World leaders strengthen struggling Libya ahead of key elections


PARIS – France hosts an international conference on Libya on Friday as the North African country heads into long-awaited elections next month, a vote that regional and world powers hope will pull the oil-rich nation out of its decades-long chaos.

US Vice President Kamala Harris and several world leaders will take part in the Paris conference and should push for transparent and credible elections. They will also urge the withdrawal of mercenaries and foreign forces from Libya, as stated in last year’s UN-brokered ceasefire that ended fighting between rival factions in the country.

Libya was engulfed in chaos by a NATO-backed uprising in 2011 that toppled longtime dictator Moammar Gaddafi, who was subsequently killed. The oil-rich country has been divided for years between rival governments, one based in the capital, Tripoli, and the other in the eastern part of the country. Each side is supported by different foreign powers and militias.

Friday’s conference is jointly chaired by France, Germany, Italy, Libya and the United Nations and is attended by high-level international and regional officials.

Participants are expected to push for an “indisputable and irreversible” electoral process, a joint effort to combat trafficking in people and arms through Libya. According to the office of French President Emmanuel Macron, they should also support tangible efforts to withdraw mercenaries and foreign troops.

Harris said on Monday she will be attending the conference “to show our strong support for the Libyan people as they plan elections.”

Libyan leaders Mohamed el-Manfi, head of the presidential council, Prime Minister Abdul Hamid Dbeibah and Foreign Minister Najla Mangoush are also expected.

The conference comes less than six weeks before Libyans are due to vote in the first round of presidential elections next December. 24. Almost two months later, parliamentary elections will be held, along with a second round of the presidential vote.

The long-awaited vote, however, still faces challenges, including unresolved issues over electoral laws and occasional infighting between armed groups. Other obstacles include the deep rift that remains between the east and west of the country and the presence of thousands of foreign fighters and troops. The UN has estimated that there have been at least 20,000 foreign fighters and mercenaries in Libya in recent years, including Russians, Syrians, Turks, Sudanese and Chadians.

A major human rights group on Thursday questioned whether Libyan authorities could hold free and fair elections. Human Rights Watch criticized what it claimed to be Libya’s restrictive laws undermining freedom of speech and association, as well as the presence of armed groups accused of intimidating, assaulting and detaining journalists and political activists.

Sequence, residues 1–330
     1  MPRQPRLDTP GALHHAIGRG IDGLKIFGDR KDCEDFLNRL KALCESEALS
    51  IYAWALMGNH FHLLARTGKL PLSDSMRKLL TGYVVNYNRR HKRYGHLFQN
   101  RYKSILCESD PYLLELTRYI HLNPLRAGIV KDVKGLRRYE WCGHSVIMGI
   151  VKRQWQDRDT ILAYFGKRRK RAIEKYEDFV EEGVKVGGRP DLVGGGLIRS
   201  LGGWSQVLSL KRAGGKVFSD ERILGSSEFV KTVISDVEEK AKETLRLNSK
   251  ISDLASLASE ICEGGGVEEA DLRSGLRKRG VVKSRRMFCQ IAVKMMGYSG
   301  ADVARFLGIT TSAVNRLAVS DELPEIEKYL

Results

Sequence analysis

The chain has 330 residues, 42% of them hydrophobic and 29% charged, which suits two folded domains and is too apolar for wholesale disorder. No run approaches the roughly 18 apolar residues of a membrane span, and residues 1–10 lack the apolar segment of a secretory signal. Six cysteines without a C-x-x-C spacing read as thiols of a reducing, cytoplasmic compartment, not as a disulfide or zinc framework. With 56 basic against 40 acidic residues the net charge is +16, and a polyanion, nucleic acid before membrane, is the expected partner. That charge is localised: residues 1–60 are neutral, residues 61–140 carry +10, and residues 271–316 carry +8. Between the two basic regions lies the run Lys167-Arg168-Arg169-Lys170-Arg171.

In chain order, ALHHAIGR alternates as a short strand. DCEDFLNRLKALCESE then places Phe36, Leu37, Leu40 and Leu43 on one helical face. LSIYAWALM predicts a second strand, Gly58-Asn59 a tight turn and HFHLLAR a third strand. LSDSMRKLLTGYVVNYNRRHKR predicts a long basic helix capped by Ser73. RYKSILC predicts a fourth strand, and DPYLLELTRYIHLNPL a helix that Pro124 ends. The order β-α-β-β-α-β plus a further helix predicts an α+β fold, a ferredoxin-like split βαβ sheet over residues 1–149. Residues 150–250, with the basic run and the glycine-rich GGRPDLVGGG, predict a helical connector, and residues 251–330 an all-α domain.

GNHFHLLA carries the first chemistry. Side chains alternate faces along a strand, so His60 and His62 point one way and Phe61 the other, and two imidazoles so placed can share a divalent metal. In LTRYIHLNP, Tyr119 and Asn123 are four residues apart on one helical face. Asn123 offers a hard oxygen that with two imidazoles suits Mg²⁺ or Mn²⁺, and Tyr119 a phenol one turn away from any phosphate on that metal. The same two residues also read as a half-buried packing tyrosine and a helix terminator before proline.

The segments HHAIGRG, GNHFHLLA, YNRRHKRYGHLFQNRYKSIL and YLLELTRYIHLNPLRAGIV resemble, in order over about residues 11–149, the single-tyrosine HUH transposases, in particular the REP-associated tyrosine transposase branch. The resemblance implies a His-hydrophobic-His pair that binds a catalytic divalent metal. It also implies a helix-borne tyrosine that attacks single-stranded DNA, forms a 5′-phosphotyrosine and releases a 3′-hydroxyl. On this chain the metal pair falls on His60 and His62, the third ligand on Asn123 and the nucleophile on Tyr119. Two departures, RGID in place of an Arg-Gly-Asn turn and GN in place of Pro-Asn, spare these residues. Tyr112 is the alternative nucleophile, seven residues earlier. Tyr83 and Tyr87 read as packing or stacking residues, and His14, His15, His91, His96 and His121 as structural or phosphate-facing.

“The main questions the leaders of the summit should ask themselves are: Can the Libyan authorities ensure an environment free from coercion, discrimination and intimidation of voters, candidates and political parties?” it says in a statement.

In July, UN special envoy for Libya, Jan Kubis, accused “spoilers” of trying to obstruct the vote to unify the divided nation. The Security Council warned that any individual or group that compromises the electrical process could be subject to UN sanctions.

UN spokesman Stephane Dujarric said this week: “We want to see an election that the Libyan people can believe in, that is credible and that is in line with past agreements.”

This week politicians and warlords in western Libya made statements against the vote under laws ratified by the country’s parliament. Khaled al-Meshri, head of the Tripoli-based Supreme Council of State, went further and threatened in television comments to use violence to prevent the powerful military commander Khalifa Hifter, a potential leader in the presidential race, from taking office if he were elected.

The civil war in Libya intensified in 2019 when Hifter, who commands the self-styled Libyan Arab armed forces, launched an offensive to take Tripoli from armed militias loosely allied with the then weak UN-backed government in the country’s capital. .

Hifter, who was allied with an administration based in the east, was supported by Egypt, the United Arab Emirates, Russia and France. However, his 14-month campaign and march on Tripoli ultimately failed in June 2020, after Qatar and Turkey stepped up their military support, with the latter sending mercenaries and troops to help support the militias of the Western Libya.


Magdy reported from Cairo. Edith Lederer at the United Nations contributed.


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